Tonga RU

Tonga slideshow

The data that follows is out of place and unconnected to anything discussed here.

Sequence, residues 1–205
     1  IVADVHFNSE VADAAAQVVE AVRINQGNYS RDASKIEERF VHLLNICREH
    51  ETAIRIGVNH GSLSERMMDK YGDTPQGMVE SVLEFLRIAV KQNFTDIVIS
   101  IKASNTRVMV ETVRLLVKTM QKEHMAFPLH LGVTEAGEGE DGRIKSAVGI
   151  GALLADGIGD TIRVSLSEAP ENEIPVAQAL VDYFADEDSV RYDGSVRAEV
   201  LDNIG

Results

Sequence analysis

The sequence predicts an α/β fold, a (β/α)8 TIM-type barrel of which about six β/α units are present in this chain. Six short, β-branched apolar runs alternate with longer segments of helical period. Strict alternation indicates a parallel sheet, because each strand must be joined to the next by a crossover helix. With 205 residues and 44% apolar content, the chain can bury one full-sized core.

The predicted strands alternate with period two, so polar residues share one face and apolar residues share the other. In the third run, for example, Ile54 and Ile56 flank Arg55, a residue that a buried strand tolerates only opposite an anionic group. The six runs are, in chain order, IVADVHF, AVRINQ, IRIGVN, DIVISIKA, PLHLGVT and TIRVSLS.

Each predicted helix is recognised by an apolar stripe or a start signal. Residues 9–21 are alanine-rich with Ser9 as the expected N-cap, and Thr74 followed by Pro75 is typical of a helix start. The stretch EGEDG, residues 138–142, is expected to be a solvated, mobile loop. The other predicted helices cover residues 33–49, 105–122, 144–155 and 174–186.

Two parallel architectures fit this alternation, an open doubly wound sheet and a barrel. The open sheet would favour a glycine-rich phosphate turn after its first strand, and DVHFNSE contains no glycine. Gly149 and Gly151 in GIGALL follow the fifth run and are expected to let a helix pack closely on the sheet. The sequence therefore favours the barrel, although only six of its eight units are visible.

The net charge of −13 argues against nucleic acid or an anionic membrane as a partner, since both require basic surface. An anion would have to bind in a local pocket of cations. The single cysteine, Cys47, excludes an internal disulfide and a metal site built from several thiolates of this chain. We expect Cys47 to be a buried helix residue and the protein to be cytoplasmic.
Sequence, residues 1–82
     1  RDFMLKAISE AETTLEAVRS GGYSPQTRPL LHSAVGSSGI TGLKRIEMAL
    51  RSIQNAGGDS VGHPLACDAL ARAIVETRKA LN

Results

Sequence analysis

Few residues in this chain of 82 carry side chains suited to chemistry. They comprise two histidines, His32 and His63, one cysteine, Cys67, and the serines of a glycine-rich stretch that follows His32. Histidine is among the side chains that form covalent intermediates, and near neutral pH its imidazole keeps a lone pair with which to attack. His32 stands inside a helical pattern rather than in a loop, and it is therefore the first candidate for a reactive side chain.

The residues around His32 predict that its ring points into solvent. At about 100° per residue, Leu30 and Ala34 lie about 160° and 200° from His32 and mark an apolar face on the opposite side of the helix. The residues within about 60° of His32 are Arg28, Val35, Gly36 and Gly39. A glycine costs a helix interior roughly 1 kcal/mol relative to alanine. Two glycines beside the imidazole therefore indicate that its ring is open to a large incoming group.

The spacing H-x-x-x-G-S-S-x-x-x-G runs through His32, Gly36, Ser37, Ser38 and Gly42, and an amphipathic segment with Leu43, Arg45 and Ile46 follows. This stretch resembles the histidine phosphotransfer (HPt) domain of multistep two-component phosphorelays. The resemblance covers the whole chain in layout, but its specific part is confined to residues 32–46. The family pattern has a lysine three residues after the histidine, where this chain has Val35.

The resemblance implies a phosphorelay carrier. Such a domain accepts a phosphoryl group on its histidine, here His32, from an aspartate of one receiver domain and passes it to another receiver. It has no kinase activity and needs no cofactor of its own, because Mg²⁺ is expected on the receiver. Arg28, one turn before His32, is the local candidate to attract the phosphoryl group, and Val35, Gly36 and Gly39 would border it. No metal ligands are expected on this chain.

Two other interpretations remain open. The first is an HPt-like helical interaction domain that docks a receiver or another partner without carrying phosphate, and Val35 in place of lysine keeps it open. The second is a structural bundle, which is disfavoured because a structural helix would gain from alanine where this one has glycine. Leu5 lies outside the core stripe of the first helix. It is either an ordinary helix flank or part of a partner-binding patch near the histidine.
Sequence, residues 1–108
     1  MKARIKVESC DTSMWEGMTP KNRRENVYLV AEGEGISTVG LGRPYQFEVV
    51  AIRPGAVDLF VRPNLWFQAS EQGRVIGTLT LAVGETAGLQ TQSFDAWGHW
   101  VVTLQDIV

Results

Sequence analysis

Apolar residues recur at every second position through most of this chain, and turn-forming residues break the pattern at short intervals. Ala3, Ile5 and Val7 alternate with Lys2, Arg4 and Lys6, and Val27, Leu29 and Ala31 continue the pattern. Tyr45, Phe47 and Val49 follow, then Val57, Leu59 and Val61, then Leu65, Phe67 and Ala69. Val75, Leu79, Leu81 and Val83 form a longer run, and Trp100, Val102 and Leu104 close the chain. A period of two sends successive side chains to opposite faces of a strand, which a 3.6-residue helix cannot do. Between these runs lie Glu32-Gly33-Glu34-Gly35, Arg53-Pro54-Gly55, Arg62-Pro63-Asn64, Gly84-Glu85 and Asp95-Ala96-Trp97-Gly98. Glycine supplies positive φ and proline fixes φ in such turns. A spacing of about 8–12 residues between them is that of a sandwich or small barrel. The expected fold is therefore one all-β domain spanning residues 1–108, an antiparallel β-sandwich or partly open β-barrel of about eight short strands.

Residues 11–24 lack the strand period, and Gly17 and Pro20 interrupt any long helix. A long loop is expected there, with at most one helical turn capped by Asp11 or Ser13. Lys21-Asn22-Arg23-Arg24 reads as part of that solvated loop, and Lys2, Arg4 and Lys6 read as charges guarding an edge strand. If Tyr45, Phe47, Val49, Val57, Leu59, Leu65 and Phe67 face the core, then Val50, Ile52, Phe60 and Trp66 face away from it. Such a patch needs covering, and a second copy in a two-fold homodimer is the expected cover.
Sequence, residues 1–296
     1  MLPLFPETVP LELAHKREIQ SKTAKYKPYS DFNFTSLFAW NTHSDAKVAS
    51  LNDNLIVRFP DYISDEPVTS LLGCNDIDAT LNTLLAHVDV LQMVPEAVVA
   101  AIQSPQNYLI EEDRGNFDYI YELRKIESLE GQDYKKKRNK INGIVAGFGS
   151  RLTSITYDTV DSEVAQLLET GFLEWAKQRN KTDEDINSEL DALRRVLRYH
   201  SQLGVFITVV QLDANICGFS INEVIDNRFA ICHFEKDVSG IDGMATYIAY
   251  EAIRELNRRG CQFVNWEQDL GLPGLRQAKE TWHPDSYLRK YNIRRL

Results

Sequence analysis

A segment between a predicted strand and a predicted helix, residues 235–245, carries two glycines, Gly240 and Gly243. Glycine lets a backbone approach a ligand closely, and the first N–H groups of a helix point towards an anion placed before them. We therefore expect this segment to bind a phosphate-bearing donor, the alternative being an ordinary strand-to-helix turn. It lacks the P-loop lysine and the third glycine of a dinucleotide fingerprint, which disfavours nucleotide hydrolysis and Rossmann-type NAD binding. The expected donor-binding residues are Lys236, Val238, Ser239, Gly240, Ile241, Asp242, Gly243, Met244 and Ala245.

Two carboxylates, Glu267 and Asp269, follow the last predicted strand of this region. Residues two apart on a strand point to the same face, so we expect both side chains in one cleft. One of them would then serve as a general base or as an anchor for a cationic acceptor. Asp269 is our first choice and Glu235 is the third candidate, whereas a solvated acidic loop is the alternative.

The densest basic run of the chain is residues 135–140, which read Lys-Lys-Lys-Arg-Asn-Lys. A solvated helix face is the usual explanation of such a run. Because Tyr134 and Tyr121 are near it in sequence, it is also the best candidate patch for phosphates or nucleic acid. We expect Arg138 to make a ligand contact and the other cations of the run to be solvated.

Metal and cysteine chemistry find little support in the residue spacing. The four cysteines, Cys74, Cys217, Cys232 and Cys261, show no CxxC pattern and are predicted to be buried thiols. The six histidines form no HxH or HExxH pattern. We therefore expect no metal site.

New Zealand is deploying 'rugby diplomacy' in the southern Pacific with plans to use the sport to unlock development in the region and ward off growing Chinese influence. Wellington is seeking to establish a joint team from Fiji, Samoa and Tonga that would join the Super Rugby club competition, which is contested by 15 teams from southern hemisphere nations and Japan. The involvement of a new Pacific islands team - called Pacific Force - is being seen as a potential catalyst for development in the region at a time when China is seeking to gain a foothold through massive investment. "Part of the plan is that rugby can be a diplomatic force to counter China's influence in the Pacific," said New Zealand media outlet Newshub, who first reported the plan. "The idea is that rugby will help keep hearts and minds away from China, which is saturating the region with money to obtain influence." New Zealand Foreign Minister Winston Peters earlier this year expressed "strategic anxiety" over the Pacific. Beijing is being seen as using its economic muscle to gain influence in South Pacific countries. Australia's Lowy Institute estimates China provided US$1.78 billion in aid, including concessional loans, to Pacific nations between 2006-16. Samoa's lock and captain Chris Vui is tackled during the autumn international rugby union test match between Scotland and Samoa at Murrayfield stadium Credit: AFP China has built a presidential palace and government buildings in East Timor and invested heavily in Vanuatu, a tiny island 1,200 miles north-east from Brisbane where reports last month suggested Beijing was eyeing a military base. A New Zealand Ministry of Foreign Affairs and Trade spokeswoman said officials had commissioned an NZ$80,000 (£41,000) report into a Pacific Island Super Rugby franchise. The spokeswoman said: "The establishment of a regional fully professional rugby team in the Pacific Islands has the potential to deliver economic and social benefits to individual players, their families and communities, Pacific Island national rugby unions and teams, and to Pacific Island economies." Fiji, Samoa and Tonga are long-established rugby nations, but players often opt to play for foreign teams at an early stage in their careers. A strong home-based team would help keep star players within the islands, and boost the development of the sport and wider investment. Super Rugby officials are currently exploring plans to restructure the competition from 2021 to 2030. There is speculation that South African teams might opt to join European rugby sides in alternative competitions.